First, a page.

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Saturday, December 12, 2015

What a High Bridge!

In the aftermath of the Civil War, a major north-south railroad route was deemed vitally important. The Cincinnati Southern Railroad picked up where the defunct Lexington and Danville railroad had left off. A new cantilever bridge was designed by Charles Shaler Smith to be built at the same location as the previously planned suspension bridge.

Shaler, as he was known, was an engineering officer in the Confederate army during the Civil War. He designed the Confederate Powder Works in Augusta, Georgia. Following the war, he became well known as the foremost American engineer of the day. His Baltimore Bridge Company, a partnership with Benjamin and Charles Latrobe, boasted of creating 13 miles of bridges in its advertising, including four bridges over the Mississippi, one over the Missouri, and one over the Saint Lawrence. Shaler was known for innovative solutions to engineering challenges.
His use of a cantilever design for the bridge helped solve the difficult construction challenge of the 275 feet deep gorge of the Kentucky River. The cantilever meant that minimal scaffolding was necessary; the arms of the bridge could be built out from the piers, balancing each other without the need for falsework.
When the bridge was completed in 1877, it was not only the first cantilever bridge in North America, but also the highest and longest cantilever in the world. The completed bridge stood 275 feet tall and spanned 1,125 feet. Until the early 20th century, the bridge held the record as the highest bridge over a navigable stream.
High Bridge, as it became known, ushered in the era of modern bridge building. The engineering marvel was dedicated by President Rutherford B. Hayes in 1879. The American Society of Civil Engineers designated High Bridge as an engineering landmark in 1986. A model of the bridge can be found in the American History Museum of the Smithsonian Institute.
With increasing and heavier railroad traffic, it became evident that the bridge would need to be reinforced or rebuilt. During 1910 and 1911, the bridge was rebuilt using a design by Gustav Lindenthal.
The rebuilt bridge used the same footings as the original bridge and was built around the original. By raising the track deck of the new bridge almost 30 feet above the existing deck, railroad traffic was able to continue uninterrupted during the rebuilding.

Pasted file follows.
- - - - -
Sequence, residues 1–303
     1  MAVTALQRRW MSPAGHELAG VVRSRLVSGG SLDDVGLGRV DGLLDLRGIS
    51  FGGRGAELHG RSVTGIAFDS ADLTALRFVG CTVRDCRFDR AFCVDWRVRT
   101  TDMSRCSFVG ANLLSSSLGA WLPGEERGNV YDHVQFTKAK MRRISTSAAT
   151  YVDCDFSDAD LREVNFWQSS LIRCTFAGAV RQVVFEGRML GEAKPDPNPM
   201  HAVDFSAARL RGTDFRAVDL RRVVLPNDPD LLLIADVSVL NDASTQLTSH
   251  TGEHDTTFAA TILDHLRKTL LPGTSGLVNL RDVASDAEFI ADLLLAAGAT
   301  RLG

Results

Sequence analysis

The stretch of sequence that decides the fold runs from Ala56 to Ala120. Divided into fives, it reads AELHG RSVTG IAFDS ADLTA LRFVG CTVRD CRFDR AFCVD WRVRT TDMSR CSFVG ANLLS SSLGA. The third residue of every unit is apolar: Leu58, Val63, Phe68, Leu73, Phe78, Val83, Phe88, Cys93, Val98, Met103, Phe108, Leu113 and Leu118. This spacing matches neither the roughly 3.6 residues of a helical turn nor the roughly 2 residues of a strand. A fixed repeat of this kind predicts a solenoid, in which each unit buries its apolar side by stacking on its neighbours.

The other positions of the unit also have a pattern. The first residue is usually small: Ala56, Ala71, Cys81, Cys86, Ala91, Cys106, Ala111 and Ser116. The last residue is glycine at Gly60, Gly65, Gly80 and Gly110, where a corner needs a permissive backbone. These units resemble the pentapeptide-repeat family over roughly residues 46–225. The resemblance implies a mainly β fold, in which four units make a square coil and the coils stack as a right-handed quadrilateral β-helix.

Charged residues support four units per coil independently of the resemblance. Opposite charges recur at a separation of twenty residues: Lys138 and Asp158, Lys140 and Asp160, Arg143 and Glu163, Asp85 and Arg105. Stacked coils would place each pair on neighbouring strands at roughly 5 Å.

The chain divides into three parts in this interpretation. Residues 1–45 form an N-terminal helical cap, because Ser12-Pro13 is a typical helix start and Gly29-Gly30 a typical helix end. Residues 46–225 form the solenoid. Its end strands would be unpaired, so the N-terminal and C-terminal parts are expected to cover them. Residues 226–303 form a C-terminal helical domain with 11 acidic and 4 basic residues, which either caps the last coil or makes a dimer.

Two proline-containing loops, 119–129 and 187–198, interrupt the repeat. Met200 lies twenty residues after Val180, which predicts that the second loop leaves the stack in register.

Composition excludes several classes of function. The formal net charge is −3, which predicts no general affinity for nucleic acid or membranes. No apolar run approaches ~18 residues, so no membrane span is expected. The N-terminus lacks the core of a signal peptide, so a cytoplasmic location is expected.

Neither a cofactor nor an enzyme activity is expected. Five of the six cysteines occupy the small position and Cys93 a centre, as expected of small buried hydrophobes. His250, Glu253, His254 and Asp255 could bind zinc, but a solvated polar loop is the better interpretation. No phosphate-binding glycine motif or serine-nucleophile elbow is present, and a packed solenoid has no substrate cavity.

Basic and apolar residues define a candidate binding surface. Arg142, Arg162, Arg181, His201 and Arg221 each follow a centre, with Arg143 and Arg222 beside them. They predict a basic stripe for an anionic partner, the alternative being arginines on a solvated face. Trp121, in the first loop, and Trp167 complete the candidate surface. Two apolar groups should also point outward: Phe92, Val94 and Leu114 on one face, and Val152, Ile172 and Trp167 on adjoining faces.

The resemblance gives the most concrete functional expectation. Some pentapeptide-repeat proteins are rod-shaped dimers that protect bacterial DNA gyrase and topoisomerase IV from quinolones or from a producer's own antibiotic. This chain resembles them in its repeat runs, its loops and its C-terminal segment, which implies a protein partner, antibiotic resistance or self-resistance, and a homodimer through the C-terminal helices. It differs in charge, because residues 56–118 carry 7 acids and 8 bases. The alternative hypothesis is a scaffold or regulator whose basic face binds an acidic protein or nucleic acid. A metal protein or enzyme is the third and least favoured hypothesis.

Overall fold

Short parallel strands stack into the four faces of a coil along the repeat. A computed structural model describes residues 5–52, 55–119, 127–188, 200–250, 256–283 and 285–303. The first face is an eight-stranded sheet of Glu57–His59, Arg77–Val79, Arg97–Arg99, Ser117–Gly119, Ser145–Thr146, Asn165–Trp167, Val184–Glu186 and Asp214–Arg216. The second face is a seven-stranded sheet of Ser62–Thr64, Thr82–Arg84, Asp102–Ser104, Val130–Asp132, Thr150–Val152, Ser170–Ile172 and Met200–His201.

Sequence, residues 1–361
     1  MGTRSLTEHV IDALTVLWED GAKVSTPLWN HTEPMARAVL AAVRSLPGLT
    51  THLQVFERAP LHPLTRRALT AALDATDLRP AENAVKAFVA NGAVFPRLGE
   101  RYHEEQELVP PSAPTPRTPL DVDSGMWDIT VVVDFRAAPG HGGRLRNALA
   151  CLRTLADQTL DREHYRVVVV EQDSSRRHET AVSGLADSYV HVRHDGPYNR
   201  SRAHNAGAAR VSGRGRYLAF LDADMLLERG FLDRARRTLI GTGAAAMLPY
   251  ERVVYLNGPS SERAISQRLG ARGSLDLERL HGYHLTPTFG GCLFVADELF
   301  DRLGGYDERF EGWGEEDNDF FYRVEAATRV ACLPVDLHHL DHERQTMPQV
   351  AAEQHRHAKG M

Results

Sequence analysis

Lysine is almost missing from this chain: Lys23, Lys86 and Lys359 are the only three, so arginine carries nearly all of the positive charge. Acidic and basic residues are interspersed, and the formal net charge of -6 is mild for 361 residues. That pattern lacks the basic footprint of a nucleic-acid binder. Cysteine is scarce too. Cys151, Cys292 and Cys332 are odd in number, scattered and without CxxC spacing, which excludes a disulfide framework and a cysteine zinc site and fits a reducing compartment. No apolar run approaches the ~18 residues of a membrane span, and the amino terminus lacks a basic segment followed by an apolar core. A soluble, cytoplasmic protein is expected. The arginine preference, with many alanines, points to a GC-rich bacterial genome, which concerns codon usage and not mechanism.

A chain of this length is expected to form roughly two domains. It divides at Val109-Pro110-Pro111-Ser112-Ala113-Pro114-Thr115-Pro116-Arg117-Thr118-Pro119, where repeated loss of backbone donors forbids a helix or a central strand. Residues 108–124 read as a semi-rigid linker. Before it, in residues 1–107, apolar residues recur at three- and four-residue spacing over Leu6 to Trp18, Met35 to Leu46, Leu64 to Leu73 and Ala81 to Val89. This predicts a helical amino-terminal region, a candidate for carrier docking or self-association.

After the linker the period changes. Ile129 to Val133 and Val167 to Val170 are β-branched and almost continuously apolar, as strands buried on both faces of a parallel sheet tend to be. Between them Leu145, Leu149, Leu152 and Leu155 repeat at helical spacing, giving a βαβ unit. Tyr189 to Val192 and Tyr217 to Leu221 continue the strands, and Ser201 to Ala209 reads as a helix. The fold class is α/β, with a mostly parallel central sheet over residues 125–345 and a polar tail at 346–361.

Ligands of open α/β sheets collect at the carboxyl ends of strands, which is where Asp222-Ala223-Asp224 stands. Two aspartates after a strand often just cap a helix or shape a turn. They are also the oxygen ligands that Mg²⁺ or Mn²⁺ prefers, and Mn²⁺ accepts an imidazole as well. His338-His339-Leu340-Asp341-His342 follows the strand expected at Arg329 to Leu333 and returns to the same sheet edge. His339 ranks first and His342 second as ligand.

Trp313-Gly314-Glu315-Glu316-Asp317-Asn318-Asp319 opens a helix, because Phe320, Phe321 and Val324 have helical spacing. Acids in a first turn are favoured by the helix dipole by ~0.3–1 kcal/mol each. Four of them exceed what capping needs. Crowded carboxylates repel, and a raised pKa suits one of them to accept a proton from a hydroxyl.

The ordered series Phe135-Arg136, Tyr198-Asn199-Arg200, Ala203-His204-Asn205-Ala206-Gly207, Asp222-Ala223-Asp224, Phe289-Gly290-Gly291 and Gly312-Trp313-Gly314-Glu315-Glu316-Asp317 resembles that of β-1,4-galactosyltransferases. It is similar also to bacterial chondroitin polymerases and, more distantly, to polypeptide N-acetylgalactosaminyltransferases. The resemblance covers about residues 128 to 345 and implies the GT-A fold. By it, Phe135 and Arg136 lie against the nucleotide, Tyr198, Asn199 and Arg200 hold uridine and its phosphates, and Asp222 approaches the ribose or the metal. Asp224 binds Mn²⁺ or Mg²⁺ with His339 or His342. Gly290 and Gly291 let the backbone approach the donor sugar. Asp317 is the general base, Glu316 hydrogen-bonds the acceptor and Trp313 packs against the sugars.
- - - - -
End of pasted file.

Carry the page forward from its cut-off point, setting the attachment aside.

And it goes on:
The higher deck of the new bridge required a new elevated approach. A temporary trestle was built and then filled to the required height.
As traffic increased, the railroad found it necessary to double the track on the bridge. By the end of the track doubling project in 1929, High Bridge had attained its current appearance.
The massive limestone towers that had been a trademark of the bridge and village had to be removed to provide clearance for the extra track. Legend has it that when the towers were built in 1851, a bottle of premium bourbon was sealed in each tower by the masons to commemorate the occasion. When the towers were torn down, no one admitted to finding the bottles.

The above information is from:

The post card was published by the Metrocraft Company of Everett, Mass. They were a major printer of linen and photochrome postcards, as is evidenced by this particular post card,
displaying a variety of subjects. They also printed postcards for many other publishers. A good number of Metrocraft’s early photochrome postcards retained the use of retouchers that had worked on their linens. These cards have a very distinct look before they went over to a completely uniform photographic means of natural color reproduction. From: the Metropolitan Post Card Club of New York website.

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